A short history of marketing, Advertising Week summed up, job cuts at the New York Times, the seven deadly sins of social media marketing, the world of Facebook is on Atlas's shoulders, Twitter partners with MIT, getting out of the measurement rut in digital, tips for keeping your great employees, TV secrets to inform your content marketing, PR should stand for people and relationships, a review of the crowds on El Loco and more, it's This Week in Digital.
A roundup of relevant links affecting our industry.
Each week, I compose a newsletter that includes a series of links about current events and trends in the worlds of technology, social media, mobile, digital communications and marketing in order to keep leaders up to date on changes, newsworthy items and content that might be useful in your job. And now you have the option of just subscribing to this newsletter if you wish.
If you’re on Flipboard, you can get these links by subscribing to the This Week in Digital Magazine.
- The marketing industry has a rich history. But here are 13 seminal moments that stand out. (iMedia)
- Advertising Week has wrapped up in New York. In case you missed it, here are the 5 hot trends in advertising. (Mashable)
- Four native ad campaigns that are worth looking at include Orange is the New Black, the Church of Scientology, Gap, and Game of Thrones. (Mashable)
- The New York Times has announced that it is cutting approximately 100 jobs in its newsroom staff. (NY Times)
- People are tired of the advertising mindset that so many unimaginative brands bring to social media and that a new network like "Ello won't change the bad habits of brands in social media." He summed it up in a brilliant cartoon and blog post 7 deadly sins of social media marketing. (Tom Fishburne)
- As expected, Facebook has launched Atlas, with the goal of reaching people across devices and bridging the gap between online impressions and offline purchases. (Atlas Solutions)
- In case you were wondering, Atlas Solutions is an anagram for "Lo, it's Satan soul."
- Facebook has launched a mobile Like button. (Techcrunch)
- Taking the time to explain its "real name" policy, Facebook apologized to drag queens. (re/code)
- But the question still has to be asked, "Who is real enough for Facebook?" (The New Yorker)
- Twitter is investing $10 million in the Laboratory for Social Machines at MIT. The lab plans to build a system to enable "large-scale analysis of content, and implement pattern discovery, data visualization and mobile app technologies to analyse patterns in social systems." (AllTwitter)
- Twitter is getting friendlier with app developers as it opens Twitter Fabric, giving them ability to sign users up via mobile, incorporate CrashLytics for analytics and MoPub for an ad network. (Marketing Land)
Measurement / Metrics / Big Data
- If you wonder why your social metrics stink, maybe it's because you're not being social enough. (Awaken Your Superhero)
- Here are five unique ways to measure and evaluate a social media campaign. (The Next Web)
- Are you stuck doing things the same old way when it comes to marketing and metrics? It's time to change that. (Forbes)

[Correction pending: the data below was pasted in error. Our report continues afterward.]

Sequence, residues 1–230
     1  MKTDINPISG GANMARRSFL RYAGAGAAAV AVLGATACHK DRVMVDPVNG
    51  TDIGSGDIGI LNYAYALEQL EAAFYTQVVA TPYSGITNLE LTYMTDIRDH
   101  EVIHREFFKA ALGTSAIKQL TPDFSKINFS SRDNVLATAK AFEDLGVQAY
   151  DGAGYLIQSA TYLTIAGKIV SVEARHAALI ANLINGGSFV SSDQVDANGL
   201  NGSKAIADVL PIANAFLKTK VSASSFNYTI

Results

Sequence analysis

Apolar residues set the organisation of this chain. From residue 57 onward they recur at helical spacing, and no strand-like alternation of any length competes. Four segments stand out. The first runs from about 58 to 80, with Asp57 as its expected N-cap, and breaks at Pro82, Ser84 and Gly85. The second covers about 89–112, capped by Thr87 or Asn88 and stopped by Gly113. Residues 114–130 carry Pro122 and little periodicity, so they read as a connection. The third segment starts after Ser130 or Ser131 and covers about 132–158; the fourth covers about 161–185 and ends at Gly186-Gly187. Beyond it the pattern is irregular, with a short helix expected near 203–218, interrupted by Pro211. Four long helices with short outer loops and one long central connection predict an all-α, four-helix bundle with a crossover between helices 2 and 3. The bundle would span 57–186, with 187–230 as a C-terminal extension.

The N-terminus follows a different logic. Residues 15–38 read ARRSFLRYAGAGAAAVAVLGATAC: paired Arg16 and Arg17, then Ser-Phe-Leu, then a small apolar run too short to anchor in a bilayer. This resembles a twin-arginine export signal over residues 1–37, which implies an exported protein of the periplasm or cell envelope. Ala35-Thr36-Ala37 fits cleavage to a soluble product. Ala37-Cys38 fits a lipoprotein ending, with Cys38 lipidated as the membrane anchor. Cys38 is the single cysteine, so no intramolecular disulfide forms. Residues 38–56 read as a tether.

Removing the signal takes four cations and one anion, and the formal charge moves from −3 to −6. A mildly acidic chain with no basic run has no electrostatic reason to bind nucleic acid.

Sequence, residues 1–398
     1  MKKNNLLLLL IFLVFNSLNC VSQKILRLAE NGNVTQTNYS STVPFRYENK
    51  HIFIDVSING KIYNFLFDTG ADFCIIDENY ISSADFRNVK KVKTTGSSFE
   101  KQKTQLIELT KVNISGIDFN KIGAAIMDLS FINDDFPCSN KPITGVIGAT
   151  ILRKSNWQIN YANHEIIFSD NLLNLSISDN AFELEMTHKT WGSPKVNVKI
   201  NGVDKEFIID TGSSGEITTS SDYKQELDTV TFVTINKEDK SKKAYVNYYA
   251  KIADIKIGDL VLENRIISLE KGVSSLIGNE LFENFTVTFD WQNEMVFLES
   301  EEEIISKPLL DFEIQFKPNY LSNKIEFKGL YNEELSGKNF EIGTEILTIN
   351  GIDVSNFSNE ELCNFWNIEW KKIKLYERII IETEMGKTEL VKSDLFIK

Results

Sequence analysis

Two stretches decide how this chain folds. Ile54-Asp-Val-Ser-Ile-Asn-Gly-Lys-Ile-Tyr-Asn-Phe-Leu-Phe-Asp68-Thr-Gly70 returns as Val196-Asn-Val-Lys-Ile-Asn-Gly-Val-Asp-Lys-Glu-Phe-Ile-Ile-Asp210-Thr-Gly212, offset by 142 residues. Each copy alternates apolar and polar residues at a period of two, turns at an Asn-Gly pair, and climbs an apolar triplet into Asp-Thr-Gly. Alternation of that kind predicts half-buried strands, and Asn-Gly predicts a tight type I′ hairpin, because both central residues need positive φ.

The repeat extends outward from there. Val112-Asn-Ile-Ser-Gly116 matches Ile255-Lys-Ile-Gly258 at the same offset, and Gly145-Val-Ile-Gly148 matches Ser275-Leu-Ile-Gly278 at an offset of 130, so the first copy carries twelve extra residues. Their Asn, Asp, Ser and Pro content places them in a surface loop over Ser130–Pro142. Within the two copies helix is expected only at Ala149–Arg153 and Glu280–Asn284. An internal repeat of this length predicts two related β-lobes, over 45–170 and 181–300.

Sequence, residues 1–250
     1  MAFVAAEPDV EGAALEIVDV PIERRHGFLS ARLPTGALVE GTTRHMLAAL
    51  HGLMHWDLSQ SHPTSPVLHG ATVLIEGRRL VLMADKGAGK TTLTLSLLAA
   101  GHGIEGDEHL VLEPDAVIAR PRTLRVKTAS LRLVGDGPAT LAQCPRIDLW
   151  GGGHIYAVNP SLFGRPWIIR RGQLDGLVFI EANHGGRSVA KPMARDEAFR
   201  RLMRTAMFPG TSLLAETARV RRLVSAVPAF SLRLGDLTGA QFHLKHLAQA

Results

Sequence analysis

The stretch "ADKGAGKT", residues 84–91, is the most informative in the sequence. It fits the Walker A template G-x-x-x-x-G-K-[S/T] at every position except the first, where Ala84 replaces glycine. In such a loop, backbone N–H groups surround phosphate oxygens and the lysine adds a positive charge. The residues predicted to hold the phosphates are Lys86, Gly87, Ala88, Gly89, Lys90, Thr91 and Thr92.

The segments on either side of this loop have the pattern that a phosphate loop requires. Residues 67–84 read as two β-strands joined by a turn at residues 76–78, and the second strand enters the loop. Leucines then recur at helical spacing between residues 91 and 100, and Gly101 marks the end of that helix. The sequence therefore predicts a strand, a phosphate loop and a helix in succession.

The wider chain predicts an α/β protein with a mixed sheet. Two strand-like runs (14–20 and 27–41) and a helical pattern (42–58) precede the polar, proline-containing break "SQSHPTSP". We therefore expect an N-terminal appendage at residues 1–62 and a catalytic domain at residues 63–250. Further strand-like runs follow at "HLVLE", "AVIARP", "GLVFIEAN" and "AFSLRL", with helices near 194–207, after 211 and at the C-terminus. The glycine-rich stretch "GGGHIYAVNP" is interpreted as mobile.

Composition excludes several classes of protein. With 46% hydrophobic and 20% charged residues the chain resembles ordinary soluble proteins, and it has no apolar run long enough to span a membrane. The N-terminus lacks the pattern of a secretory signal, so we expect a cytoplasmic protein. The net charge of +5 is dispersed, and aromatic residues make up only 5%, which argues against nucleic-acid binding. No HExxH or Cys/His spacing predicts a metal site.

Legal / HR
- With talent wars in software development, digital analytics and other hot fields, it can be tough to find the right people. And once you have them, you should know about ways to stop great employees from leaving. (Ragan.com)
- The FTC isn't kidding around. With Operation Full Disclosure, they sent 60 advertisers warning letters claiming that they did not provide satisfactory disclosure to consumers. (AdAge)
- Video content is as important as ever for brands, as discussed at the IAB MIXX conference this week. (Smart Brief on Social Media)
- But creating video doesn't have to be expensive; here's how one entrepreneur created a full-length documentary for just $11,000. (Medium)
- And here's a site that's well worth spending a good deal of time with: 7 TV Secrets You Can Use to Make Killer Content (7secrets.com)
- A new report on B2B content marketing is out, produced by Content Marketing Institute and MarketingProfs: B2B Content Marketing 2015: Benchmarks, Budgets, and Trends — North America. (Content Marketing Institute) Some highlights:
- Most B2B marketers have a content strategy, but only 35% have documented it.
- 60% of content marketers with a documented strategy say they're effective versus 32% who have a verbal strategy.
- Search engine marketing tops the list of paid distribution methods.
2015 B2B Content Marketing Benchmarks, Budgets and Trends - North America by Content Marketing Institute and MarketingProfs from Content Marketing Institute
Essential Reading / Watching / Listening
- Mitch Joel interviews marketing legend Tom Peters, in which they discuss the state of business, brands and marketing. (Six Pixels of Separation)
- Great discussion about ello.co (that's El Loco to you), Facebook's mobile ad platform, microsites and other marketing topics on this week's Beancast episode. (The Beancast)
- Did you ever want to be on television? Here's a sure-fire way to do that. (Peter Shankman)
- Don't let email rule your life. Google's Eric Schmidt has 9 simple rules to email. (TIME)
- If you've ever wondered what a truly luxury-class plane trip would be like, Derek Low describes the $23,000 Singapore Airlines Suite Class experience, with plenty of photos. (Medium)
- With all of the focus on marketing technology and automation, here's a novel thought: what if PR stood for People and Relationships? Brian Solis and Hugh McLeod took a stab at it with Vocus. (Slideshare)
Image credit: Tom Fishburne